This month, "Smart Business" addresses ways to minimize problems when working with people around.

Many trade workers have grown up on the construction side of the business. Some have trouble adapting to the subtleties associated with the renovation side.

Renovations, both residential and commercial, present special challenges that you don't have to deal with on new construction jobsites. In new construction, you're working in isolated locations surrounded only by fellow hardhats. That creates an entirely different culture than when homeowners or business patrons occupy space just a few feet away. Different behaviors and work practices are called for - vastly different. It's comparable to the different ways you behave at a church service versus hanging around with buddies at a local saloon. Here are some of those differences, along with tips to minimize disruptions.

Be Flexible

With home renovations, it's of course desirable for your crews to be there when the customer is not. Frequently, the occupants work during the day, which makes it convenient. Try to coordinate your schedules as closely as possible. If the homeowner doesn't leave for work until 8:00 a.m., it's a big hassle for your crew to show up at their normal starting time of 7:30.

But what if the customer works a night shift or odd hours? Could you persuade your crews to do likewise? No doubt some of them would complain, but consider this: A company that offers work schedules to order has a competitive edge. In some cases, maybe this will be enough to sway a person away from competitive bidding.

Commercial renovations present even bigger scheduling dilemmas. Not only do you have the owners to worry about, their patrons may be milling about. They may not be all that cognizant about the dangers of bumping into ladders and scaffolds. (Tip: Try to avoid scaffolding in business areas. Rent a man-lift or cherry-picker instead. They can be moved when not in use.)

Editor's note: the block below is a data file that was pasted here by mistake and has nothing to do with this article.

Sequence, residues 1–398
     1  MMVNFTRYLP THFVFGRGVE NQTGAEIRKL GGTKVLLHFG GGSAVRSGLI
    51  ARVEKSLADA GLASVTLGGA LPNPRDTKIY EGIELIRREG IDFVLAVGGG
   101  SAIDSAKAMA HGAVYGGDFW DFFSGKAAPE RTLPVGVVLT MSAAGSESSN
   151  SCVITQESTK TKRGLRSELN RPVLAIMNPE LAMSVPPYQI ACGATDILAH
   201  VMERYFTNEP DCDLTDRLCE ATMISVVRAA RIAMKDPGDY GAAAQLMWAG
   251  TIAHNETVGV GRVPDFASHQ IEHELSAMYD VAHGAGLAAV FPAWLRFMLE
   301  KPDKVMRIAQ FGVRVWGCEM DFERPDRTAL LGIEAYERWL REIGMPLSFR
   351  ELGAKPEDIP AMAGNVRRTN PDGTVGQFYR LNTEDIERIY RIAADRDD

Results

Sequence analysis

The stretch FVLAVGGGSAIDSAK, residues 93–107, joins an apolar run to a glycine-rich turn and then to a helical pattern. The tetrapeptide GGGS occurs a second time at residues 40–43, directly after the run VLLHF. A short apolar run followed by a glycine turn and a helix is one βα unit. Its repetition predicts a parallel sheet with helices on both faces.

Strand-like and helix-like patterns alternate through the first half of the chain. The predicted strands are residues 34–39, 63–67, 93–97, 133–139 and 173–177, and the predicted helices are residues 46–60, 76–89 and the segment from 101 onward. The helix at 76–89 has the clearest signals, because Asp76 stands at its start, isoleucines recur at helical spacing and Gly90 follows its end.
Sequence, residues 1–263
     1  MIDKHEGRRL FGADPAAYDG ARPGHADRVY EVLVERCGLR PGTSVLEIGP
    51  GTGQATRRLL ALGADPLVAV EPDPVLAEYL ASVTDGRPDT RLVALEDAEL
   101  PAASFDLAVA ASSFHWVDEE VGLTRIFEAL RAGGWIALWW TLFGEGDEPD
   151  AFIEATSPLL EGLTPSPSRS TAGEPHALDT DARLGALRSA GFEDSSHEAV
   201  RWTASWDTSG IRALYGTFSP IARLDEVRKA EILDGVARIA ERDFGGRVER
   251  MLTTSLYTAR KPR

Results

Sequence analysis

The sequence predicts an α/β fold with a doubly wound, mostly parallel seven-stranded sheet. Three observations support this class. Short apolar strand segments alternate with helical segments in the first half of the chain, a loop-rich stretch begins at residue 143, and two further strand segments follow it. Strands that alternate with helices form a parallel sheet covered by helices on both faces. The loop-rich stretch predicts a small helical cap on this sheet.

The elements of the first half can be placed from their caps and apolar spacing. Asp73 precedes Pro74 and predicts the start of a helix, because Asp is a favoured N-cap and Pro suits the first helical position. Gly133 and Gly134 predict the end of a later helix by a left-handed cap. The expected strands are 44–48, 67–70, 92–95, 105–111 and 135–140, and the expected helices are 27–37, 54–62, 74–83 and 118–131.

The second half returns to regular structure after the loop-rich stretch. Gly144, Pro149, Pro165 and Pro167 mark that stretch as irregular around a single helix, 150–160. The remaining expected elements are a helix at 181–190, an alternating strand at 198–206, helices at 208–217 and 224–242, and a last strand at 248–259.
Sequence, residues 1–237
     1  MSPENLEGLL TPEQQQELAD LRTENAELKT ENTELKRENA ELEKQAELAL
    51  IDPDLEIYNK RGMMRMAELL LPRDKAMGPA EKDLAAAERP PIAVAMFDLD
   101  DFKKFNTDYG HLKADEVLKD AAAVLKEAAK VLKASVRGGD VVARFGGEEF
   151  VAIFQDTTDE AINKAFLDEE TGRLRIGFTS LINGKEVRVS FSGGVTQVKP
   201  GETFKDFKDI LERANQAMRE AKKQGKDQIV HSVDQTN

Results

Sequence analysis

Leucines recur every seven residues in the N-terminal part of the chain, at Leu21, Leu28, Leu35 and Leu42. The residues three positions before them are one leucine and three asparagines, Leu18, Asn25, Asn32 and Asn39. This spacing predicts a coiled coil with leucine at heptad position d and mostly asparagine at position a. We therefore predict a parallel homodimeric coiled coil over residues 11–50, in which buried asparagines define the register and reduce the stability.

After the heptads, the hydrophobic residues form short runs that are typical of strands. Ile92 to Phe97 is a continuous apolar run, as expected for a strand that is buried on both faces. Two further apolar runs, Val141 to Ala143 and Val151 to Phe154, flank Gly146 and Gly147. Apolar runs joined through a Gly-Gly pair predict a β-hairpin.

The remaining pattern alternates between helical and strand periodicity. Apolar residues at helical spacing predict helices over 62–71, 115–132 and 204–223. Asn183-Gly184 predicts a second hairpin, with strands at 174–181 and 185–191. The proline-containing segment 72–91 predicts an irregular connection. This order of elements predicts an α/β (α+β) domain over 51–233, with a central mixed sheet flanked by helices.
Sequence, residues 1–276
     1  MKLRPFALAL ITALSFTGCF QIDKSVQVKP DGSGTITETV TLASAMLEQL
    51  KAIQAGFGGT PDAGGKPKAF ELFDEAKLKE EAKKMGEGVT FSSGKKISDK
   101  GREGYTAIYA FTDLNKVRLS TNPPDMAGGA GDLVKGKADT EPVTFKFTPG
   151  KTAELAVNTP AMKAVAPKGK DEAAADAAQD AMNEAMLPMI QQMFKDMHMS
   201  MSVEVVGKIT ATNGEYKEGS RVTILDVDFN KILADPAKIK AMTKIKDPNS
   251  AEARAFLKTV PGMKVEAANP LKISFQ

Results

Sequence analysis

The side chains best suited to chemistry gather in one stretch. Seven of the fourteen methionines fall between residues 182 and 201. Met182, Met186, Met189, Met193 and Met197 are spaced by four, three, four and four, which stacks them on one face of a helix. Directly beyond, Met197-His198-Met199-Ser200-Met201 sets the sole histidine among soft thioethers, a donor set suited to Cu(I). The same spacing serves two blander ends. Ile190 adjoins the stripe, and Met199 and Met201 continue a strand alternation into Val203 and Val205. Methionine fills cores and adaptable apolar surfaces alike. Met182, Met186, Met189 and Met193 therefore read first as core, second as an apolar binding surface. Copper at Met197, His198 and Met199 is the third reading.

Owners don't like it at all when noise and debris drive away their customers. We all know you can't obtain a silent and pristine jobsite. So the only other solution is to do the work outside of the client's business hours. Off-hours work may require bribing your crews with premium pay. Give the client an option. S/he may choose for you to work regular hours at base pay, or an off-hours schedule at a higher price for overtime labor.

Level with the Inspector

I've heard more stories than I can count of unreasonable or unknowledgeable inspectors. Yet, I suspect that, in many cases, at least part of the blame lay with that old bugaboo of failure to communicate. Contractors are wise to anticipate and inform inspectors of predictable issues.

If you foresee any problems with the job, let the inspector know ahead of time instead of trying to talk your way into a variance after the work gets done. They'll be more likely to bend the rules in your favor if you invite them to help solve a problem. This is only human nature and professional courtesy.

Minimize Dust

A recent survey of homeowners, which I'll report on in a subsequent column, turned up these biggest pet peeves about the contractors who did the work:

  • Not cleaning up after the work is finished.

  • The mess and the dust.

  • The invasion of “personal space.”

This brings up unpleasant memories of the first renovation job I ever contracted for in a home that I owned. It was a combined kitchen expansion and bathroom addition, and a nightmare. Dust invaded every nook and cranny of our house. While our kitchen was being revamped, we had to store all the dinnerware on our dining room table in the adjacent room. This meant that not only did we have to wash dishes (in the bathtub or lavatory) after eating, we also had to do it prior to meals. The crews sometimes strung up a drop cloth in the doorway leading to the work areas, but at other times neglected to do so. Even when they did, they failed to seal the edges, so plenty of plaster and wood dust seeped through.